This is the third volume in the Catalyst Quartet’s wonderful and insightful survey of neglected works by black composers. The first focused on music by the black English composer Samuel Taylor Coleridge (1875-1912), the second on music of late nineteenth to mid-twentieth century American composer Florence Price (1887-1953). The present disc focuses on the works of three men whose musical careers were entirely in the twentieth century: William Grant Still (1895-1978), George Walker (1922-2018), and Coleridge-Taylor Perkinson (1932-2004).
William Grant Still is roughly contemporary with Aaron Copland (1900-1990). Copland has often been called the “Dean of American Composers” and Still has been called the “Dean of Afro-American Composers”. Such honorifics, while well intended, do nothing to describe the true depth and significance of either of these composers.
Similarly their best known works, Copland’s “Appalachian Spring” (1944), and Still’s “Afro-American Symphony” (1930) are fine pieces of music but cannot represent the whole of their respective authors’ outputs. Both produced quite a bit of music and went through stylistic changes as their artistic sensibilities evolved. Copland’s oeuvre is pretty well documented, allowing listeners to grasp its entirety while Still’s work has not enjoyed the same distinction. That is changing, slowly, and that is reason to celebrate.
Still is represented here by his “Lyric Quartette” (published in 1960 but likely written 1939-1945). These three movements for string quartet are intended to represent a plantation, the mountains of Peru, and a pioneer settlement, respectively. This appears to be the first commercial recording of the work, a set of vignettes (Still never wrote a string quartet as such) seemingly published as an afterthought after looking back over his files. That’s not to denigrate the music. It is finely crafted and reflects a composer closer to the folk eclecticism of his contemporaries William L. Dawson (1899-1980) whose use of folk idioms resembles that of Aaron Copland (1900-1990) and Virgil Thomson (1896-1989), two white contemporaries (rather than his later more post romantic style). These composers’ use of folk idioms and the comforting tonal harmonies, very much in vogue when the music was first written, sound rather old fashioned in their year of the Lyric Quartette’s publication. Nonetheless, it is a vital work in understanding Still and his development as a composer. This would make for a great encore or second selection following a Haydn or Mozart Quartet.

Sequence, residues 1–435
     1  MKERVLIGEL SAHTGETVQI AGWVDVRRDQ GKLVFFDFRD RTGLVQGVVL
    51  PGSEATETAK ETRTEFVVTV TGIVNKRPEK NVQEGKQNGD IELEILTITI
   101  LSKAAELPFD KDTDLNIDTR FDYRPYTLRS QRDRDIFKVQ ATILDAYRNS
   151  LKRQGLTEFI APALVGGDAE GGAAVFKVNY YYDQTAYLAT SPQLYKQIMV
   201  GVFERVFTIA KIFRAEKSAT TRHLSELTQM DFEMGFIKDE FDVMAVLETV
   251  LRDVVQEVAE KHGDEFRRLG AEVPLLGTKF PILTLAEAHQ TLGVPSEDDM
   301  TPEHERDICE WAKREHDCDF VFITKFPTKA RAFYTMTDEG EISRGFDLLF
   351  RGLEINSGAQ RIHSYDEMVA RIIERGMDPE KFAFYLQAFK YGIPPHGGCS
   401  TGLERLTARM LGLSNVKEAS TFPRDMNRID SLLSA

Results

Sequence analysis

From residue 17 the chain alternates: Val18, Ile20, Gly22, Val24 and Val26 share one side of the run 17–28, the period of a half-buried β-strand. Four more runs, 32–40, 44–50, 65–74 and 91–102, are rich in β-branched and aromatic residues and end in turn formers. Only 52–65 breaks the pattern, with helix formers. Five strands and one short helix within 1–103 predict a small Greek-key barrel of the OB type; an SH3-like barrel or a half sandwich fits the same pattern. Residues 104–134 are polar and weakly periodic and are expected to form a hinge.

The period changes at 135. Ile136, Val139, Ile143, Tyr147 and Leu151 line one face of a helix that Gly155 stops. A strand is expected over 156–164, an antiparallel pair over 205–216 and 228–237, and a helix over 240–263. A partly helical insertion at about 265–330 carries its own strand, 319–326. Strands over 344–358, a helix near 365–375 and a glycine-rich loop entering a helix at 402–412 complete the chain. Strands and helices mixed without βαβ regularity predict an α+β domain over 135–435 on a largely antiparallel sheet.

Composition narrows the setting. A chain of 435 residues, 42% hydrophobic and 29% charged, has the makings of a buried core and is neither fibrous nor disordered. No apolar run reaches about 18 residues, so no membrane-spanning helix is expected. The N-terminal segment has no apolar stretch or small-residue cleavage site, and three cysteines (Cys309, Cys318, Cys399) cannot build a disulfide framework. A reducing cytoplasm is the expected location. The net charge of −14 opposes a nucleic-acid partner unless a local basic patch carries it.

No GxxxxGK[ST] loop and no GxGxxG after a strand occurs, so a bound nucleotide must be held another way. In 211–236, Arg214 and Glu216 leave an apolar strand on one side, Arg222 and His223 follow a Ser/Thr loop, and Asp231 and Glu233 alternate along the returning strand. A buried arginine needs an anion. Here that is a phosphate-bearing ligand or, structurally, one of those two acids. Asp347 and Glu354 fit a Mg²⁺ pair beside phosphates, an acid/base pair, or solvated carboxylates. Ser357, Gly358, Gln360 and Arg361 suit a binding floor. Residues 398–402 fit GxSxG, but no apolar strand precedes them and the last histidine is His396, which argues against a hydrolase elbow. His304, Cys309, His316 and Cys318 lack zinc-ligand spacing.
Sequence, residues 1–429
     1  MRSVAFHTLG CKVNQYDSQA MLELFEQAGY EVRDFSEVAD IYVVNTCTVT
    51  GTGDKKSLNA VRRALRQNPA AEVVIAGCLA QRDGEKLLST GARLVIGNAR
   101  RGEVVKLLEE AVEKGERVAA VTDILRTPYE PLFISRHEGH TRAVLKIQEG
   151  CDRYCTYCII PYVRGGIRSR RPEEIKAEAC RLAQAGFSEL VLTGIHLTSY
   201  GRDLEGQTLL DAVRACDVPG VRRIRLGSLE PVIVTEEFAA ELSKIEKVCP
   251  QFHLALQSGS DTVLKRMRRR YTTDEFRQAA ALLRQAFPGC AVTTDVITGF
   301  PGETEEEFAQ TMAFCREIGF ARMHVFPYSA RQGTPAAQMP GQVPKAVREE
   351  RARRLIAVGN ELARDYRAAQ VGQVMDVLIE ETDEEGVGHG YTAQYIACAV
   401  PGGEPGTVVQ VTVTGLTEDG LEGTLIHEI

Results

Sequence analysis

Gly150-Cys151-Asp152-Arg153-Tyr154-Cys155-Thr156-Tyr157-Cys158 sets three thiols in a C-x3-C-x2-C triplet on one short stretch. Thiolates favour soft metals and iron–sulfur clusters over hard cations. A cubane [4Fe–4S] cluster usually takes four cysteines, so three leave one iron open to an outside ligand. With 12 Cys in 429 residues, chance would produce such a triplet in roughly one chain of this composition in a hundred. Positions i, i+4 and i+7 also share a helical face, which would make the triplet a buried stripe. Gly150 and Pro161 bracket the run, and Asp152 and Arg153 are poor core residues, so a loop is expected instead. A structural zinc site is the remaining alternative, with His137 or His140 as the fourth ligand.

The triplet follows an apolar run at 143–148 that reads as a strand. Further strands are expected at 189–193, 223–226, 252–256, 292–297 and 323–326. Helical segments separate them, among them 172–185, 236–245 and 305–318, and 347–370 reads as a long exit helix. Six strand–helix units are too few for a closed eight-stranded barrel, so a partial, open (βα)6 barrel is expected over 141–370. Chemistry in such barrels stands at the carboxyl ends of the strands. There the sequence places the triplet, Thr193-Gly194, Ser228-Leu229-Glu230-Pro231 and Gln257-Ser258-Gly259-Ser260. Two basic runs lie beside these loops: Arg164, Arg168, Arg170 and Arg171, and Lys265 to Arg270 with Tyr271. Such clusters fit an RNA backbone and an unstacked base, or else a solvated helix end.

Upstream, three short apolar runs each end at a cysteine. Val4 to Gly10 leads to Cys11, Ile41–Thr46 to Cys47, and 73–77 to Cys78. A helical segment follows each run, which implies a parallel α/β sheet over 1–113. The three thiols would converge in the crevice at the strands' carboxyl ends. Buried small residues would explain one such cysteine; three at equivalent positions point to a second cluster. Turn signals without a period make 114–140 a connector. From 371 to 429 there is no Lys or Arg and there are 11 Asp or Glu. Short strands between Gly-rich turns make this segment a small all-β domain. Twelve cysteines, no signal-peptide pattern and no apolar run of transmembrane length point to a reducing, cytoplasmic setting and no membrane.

George Walker was a sought after concert pianist and he forever holds the distinction of being the first Black American to be awarded the Pulitzer Prize in music (for his 1996 “Lilacs” for voice and orchestra). I learned from one of my personal favorite Chicago broadcasters that he, Bruce Duffie (WNIB host 1975-2001) played Walker’s “Lyric for Strings” (1946, orch. 1990) as the final sign off music at the closing of the beloved independent station (reportedly very satisfying to that terminal audience). The link provided is to a transcript of his subsequent conversation he had with Walker in 2001, worth your time to read.